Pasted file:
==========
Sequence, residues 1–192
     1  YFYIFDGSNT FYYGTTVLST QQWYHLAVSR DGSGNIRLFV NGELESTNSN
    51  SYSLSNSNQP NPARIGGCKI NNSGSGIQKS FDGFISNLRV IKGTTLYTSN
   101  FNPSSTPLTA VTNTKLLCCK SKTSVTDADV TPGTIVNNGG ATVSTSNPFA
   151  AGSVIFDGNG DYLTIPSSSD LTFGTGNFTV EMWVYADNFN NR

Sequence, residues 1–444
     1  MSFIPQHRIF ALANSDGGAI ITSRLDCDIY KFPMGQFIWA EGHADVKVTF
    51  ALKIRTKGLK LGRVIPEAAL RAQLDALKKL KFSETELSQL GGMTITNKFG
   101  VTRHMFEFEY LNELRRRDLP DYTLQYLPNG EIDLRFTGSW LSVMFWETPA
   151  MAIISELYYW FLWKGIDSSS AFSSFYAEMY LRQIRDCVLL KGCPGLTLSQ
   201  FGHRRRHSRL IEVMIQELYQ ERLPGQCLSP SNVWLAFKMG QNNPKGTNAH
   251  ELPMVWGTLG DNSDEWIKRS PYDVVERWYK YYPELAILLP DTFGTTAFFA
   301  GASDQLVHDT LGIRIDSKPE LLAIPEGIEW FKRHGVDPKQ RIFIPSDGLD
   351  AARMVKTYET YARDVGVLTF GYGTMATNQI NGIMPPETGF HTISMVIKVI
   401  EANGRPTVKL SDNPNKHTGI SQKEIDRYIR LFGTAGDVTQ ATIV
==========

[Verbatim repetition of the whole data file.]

Sequence, residues 1–192
     1  YFYIFDGSNT FYYGTTVLST QQWYHLAVSR DGSGNIRLFV NGELESTNSN
    51  SYSLSNSNQP NPARIGGCKI NNSGSGIQKS FDGFISNLRV IKGTTLYTSN
   101  FNPSSTPLTA VTNTKLLCCK SKTSVTDADV TPGTIVNNGG ATVSTSNPFA
   151  AGSVIFDGNG DYLTIPSSSD LTFGTGNFTV EMWVYADNFN NR

Sequence, residues 1–444
     1  MSFIPQHRIF ALANSDGGAI ITSRLDCDIY KFPMGQFIWA EGHADVKVTF
    51  ALKIRTKGLK LGRVIPEAAL RAQLDALKKL KFSETELSQL GGMTITNKFG
   101  VTRHMFEFEY LNELRRRDLP DYTLQYLPNG EIDLRFTGSW LSVMFWETPA
   151  MAIISELYYW FLWKGIDSSS AFSSFYAEMY LRQIRDCVLL KGCPGLTLSQ
   201  FGHRRRHSRL IEVMIQELYQ ERLPGQCLSP SNVWLAFKMG QNNPKGTNAH
   251  ELPMVWGTLG DNSDEWIKRS PYDVVERWYK YYPELAILLP DTFGTTAFFA
   301  GASDQLVHDT LGIRIDSKPE LLAIPEGIEW FKRHGVDPKQ RIFIPSDGLD
   351  AARMVKTYET YARDVGVLTF GYGTMATNQI NGIMPPETGF HTISMVIKVI
   401  EANGRPTVKL SDNPNKHTGI SQKEIDRYIR LFGTAGDVTQ ATIV